We all wear masks. Some are masks of calm, meant to hide unrest. Some are forced smiles, meant to disguise resentment. We put on happy faces for the kids. We charge forward in battle, pretending to be brave. We apply face paint, makeup, and most of all, expressions: the poker face, the stage face, the game face. Every Halloween, masks are used for amusement, role play and empowerment. College students try on different personalities, trading masks along the way. Criminals value masks for the anonymity they grant; superheroes feel the same way, but on a more benign scale.
Masks can have meaning and value; they can also distort the truth. When a child in an abusive home learns to wear a mask of contentment, the mask can remain through adulthood; when it “gets stuck that way”, acquaintances may wonder at the incongruity between smile and tone. Few phrases are as frightening as “masked intentions”. The mask of anonymity is liberating in gaming avatars and damaging in online commentaries.
As the essayists write in the Ensemble liner notes, masks are often used to cover up unpleasant facts; but they can also be used in a more positive fashion: for example, the practice of praise in eulogies represents an implied group contract “not to speak ill of the dead”. The irony of Death Blues is that it is as much about life as it is about death, as many arrive at the same conclusion: life is fleeting, and a truthful life is a better life. When looking at the phrase “death blues” and the word “masks” on the cover, the obvious mash-up is death masks, a way to keep the memory (or at least a memory) alive past the point of a person’s death. We may not interpret the lives of others as they would like, but neither do they afford us the same favor. And therein lies the quandary: we’re not even sure of who we are. Are we defined by our masks? Do we even recognize when they are being worn?
This is a lot to tackle in a single project. Jon Mueller writes, “each essay here is a mask, each song is a mask, and this project as a whole, a mask.” He’s in a perfect position to say such a thing, as he has appeared in different guises, as the percussionist for Volcano Choir and Collections of Colonies of Bees, among others; as a collaborator and as a solo artist. Even these recordings are based on the guitar parts from the original Death Blues album. We write, we revisit, we reevaluate; the past grows fluid beneath our hands. As one essayist notes, it’s easier to say that one was present for the Shot Heard Round the World than to explain why one wasn’t there.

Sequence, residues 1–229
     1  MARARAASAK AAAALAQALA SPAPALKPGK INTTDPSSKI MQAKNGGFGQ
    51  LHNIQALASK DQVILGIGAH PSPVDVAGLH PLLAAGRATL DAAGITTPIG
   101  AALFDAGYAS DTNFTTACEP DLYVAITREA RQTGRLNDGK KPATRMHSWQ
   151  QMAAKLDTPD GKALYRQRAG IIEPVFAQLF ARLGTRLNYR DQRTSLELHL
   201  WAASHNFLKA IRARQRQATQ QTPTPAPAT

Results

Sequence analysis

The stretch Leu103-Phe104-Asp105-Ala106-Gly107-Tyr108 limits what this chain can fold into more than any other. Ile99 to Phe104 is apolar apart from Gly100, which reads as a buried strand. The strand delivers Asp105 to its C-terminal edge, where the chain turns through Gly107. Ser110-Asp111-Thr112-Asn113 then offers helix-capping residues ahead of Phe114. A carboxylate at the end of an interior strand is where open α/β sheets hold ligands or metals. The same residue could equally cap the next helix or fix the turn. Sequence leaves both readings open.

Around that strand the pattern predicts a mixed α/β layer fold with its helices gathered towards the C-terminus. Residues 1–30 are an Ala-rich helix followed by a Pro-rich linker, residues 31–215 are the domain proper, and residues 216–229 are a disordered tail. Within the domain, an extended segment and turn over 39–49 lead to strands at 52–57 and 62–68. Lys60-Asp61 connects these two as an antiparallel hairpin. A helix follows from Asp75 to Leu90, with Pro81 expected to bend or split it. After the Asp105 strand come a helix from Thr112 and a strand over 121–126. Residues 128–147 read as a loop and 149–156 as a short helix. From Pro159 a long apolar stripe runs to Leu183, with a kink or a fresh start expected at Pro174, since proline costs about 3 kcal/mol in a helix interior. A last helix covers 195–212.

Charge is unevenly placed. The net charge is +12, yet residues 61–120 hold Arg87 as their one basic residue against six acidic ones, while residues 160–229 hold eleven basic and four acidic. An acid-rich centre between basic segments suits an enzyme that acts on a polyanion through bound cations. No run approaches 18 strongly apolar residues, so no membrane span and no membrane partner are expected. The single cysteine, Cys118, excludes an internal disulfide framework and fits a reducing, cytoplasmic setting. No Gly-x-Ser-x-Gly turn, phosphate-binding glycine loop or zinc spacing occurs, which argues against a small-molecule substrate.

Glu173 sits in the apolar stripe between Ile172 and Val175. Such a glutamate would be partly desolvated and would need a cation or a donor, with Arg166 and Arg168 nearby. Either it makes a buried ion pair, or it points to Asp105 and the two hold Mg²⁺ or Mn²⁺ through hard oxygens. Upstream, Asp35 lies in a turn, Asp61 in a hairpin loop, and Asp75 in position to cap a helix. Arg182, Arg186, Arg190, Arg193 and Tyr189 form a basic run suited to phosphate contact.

As the title implies, Ensemble is a team effort. Mueller’s main collaborator is William Ryan Fritch, whose 10-album subscription series Leave Me Sessions has just entered its second half. By sharing in both composition and performance, Fritch leaves an indelible mark. The sonic space is also occupied by Craig Feazel and Drew Ceccato, whose sax, pedal steel, clarinet and flute round out the recording. The music is dense, yet approachable; credit Jeff Lipton for the sonic clarity.
A secondary irony to the set is that it sounds so little like the blues. If anything, it sounds like a slightly slowed version of a New Orleans funeral. Opening track “Consonance” proceeds at march pace, along with wordless chants, stately percussion and the rhythmic shaking of a tambourine. It feels joyful, despite a somber ending. Flute, horns and plucked strings seldom sound mournful in tandem, and this entire album proves the rule. Even “Loss”, the track with the saddest title, comes across as something found. The magnificent strings that emerge in the center of the track speak to something larger than ourselves: the sea that swallows the droplet, the universe that incorporates the loss. What now of the mask? If only one mourner progresses to a later stage of grief, should that mourner still wear the mask of the former? Do masks have responsibilities to other masks?
Two weeks ago, I wrote about the resurgence of vinyl, and commented that one way for the format to quicken its rebound might be the production of tactile-pleasing works. Ensemble is one of them. The hardbound book is pleasing to the hand and eye; the essays are creative and well-formatted. Those who purchase the vinyl edition also receive two extra digital tracks, each of which fits the timbre. It’s a great production all around: cerebral, emotional and spiritual in nature. In this particular instance, the mask matches the contents. (Richard Allen)